“To hear people call me a widow at such a young age, that was very weird to me,” Taylor said. “I’m used to the word widow being associated with older people who lose their husbands due to natural causes. Never would I have imagined being widowed, first of all, and then losing my husband at such a young age. Also the terrifying thought of raising my kids. I guess that set in later on for me.”
She remembers sitting in military spouse meetings with Christopher, where an older soldier would give the young couple advice on finances, work duties and how to deal with the unthinkable.
“I remember this like it was yesterday, when they were telling us about what to expect after the loved one dies,” she said. “I said to my husband at the time that I would never marry if something was to ever happen to him. And I remember him telling me sternly, ‘I don’t want my son growing up without a father.’ I’ve been single for 10 years, for the most part.”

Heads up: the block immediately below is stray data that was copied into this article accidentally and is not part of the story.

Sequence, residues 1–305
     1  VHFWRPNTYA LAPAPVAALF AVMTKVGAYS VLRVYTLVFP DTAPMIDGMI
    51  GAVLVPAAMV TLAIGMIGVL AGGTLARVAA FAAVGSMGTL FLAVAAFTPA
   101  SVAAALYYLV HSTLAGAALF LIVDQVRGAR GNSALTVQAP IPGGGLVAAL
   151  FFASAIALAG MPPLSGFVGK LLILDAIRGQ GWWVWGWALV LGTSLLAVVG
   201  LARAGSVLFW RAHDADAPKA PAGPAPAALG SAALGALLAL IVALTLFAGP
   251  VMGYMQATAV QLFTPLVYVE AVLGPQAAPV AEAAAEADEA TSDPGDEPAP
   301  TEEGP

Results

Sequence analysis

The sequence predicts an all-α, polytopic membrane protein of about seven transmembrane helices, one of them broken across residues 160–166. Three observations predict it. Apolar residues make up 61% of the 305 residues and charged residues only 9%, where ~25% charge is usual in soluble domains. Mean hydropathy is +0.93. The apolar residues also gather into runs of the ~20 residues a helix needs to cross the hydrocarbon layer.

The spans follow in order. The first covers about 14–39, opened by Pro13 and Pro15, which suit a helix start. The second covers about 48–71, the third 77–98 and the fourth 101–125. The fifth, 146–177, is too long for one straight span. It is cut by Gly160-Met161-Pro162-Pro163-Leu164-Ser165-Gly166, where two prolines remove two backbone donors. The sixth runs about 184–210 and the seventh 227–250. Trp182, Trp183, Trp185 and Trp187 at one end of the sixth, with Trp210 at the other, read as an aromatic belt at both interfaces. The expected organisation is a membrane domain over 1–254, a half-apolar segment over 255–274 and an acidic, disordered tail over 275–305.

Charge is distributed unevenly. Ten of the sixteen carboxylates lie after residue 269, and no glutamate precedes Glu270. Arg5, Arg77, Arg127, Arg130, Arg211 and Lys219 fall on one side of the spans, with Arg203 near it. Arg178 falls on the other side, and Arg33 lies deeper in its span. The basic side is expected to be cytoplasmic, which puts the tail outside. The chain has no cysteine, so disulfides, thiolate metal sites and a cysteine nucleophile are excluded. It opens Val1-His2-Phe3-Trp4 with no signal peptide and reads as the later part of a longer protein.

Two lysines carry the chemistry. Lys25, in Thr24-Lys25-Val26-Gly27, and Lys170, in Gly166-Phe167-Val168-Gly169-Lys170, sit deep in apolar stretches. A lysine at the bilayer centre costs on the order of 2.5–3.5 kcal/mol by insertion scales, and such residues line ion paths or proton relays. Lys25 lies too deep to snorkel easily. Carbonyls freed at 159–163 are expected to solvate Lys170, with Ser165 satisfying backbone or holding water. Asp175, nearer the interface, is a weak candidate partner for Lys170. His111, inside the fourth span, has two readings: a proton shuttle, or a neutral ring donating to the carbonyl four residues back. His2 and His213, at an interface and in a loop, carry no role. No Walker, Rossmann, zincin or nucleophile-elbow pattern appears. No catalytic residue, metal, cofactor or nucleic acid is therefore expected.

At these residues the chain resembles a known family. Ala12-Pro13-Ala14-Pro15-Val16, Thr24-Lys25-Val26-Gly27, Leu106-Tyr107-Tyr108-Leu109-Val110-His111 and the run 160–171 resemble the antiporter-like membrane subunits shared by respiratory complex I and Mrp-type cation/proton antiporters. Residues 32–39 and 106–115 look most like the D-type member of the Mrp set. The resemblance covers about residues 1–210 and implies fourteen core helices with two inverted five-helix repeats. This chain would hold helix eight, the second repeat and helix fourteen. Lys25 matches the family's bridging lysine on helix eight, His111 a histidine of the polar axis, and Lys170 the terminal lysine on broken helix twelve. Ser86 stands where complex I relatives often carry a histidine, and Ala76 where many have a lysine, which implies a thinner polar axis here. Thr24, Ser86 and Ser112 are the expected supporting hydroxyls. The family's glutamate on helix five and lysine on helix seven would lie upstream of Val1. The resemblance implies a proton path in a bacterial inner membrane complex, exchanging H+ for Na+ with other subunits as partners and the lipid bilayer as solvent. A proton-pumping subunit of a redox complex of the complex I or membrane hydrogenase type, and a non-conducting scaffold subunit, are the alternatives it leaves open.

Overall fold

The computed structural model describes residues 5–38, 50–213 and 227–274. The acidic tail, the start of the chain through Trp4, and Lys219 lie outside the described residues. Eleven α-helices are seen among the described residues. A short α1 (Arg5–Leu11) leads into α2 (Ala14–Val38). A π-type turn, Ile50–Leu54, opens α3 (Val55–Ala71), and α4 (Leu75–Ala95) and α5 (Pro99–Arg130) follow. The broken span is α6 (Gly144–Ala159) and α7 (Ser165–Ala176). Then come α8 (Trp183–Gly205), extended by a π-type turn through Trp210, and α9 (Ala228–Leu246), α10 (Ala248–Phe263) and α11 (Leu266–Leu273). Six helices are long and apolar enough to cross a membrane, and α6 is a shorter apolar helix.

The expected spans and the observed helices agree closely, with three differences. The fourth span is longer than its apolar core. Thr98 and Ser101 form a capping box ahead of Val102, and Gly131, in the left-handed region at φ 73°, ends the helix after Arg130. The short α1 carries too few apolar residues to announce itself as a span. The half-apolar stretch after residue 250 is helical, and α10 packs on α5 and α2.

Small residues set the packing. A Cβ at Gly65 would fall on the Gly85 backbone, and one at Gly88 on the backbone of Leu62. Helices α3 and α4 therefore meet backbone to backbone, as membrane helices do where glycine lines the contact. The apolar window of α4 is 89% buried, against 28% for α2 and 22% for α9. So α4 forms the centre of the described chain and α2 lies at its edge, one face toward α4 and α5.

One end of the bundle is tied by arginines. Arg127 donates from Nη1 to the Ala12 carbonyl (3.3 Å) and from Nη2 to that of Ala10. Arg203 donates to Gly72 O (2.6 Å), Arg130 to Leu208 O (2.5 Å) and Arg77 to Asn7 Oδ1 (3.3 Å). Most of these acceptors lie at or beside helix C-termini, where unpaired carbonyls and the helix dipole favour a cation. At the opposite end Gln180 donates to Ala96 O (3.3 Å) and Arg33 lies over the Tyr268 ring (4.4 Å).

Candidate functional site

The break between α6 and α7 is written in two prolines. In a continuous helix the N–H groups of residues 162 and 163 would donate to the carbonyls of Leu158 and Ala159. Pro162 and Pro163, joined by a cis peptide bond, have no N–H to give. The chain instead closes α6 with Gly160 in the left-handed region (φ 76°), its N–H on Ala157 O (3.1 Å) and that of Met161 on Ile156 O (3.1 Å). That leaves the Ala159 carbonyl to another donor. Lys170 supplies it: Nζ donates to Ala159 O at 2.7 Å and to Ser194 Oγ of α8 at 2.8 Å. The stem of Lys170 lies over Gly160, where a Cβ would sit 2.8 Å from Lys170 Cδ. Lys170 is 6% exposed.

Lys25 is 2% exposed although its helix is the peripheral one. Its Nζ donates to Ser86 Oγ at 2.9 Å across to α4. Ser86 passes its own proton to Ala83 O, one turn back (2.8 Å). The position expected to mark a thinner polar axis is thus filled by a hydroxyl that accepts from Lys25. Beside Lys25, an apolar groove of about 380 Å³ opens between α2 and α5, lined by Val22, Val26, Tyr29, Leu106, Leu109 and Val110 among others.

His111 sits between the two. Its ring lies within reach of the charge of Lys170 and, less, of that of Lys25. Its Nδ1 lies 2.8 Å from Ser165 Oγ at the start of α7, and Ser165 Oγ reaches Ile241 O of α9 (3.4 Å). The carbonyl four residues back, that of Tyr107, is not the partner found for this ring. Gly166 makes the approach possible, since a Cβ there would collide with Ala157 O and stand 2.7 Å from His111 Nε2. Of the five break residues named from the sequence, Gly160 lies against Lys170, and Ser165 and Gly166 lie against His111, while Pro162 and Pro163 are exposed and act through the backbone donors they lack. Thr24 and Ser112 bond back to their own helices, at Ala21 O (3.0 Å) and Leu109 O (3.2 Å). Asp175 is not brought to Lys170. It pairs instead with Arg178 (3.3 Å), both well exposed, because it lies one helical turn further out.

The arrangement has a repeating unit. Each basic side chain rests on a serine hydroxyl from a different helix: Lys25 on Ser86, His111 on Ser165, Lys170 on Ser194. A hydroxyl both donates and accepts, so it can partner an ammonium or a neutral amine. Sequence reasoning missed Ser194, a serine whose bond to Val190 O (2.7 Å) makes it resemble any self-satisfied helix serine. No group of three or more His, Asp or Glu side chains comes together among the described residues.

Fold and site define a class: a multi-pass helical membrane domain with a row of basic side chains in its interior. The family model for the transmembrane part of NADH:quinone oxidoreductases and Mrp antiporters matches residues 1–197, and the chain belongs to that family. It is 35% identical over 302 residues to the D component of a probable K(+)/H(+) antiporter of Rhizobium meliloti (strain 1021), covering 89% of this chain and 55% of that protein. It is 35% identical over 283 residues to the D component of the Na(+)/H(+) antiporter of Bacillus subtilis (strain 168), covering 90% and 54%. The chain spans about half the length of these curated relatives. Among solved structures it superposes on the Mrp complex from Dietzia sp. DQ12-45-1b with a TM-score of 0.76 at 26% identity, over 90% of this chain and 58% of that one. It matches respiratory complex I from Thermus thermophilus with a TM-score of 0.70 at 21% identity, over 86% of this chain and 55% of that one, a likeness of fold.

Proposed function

The couple’s only son, Xavie’r, asks if he’s the spitting image of his father. Taylor says her son has memories of playing video games with his late father, who would never plug in the controller, and she laughs.
James Lee Taylor says he can see his son in his two grandchildren, especially when they’re being silly.
“My son, he was just funny. He was always a funny guy,” he said. “His legacy was in his son. He’s funny.”
The family recently spent time in Birmingham speaking on behalf of the Children of Fallen Patriots organization, which will help pay for Xavie’r and Aaliyah’s college. Janina Taylor calls it a godsend.
She’s also thankful to the community that has stuck with the family for the past decade. This Memorial Day, the OHS Class of 2001 sent a special gift to Taylor and her children. She said she’s grateful to the community “for being so supportive of our local hero and what he has done, which is give the ultimate sacrifice for our country.”
At St. Mark’s, Taylor sat with her husband. She sighed, closing her eyes, stood up and walked back to her car and children.
“It’s still hard, especially raising a son by myself. Being a single mom of three is one of the hardest jobs, if not the hardest job to be bestowed upon us as parents,” she said, pausing to think and laughing a little. “It’s one of our most exercised blessings.”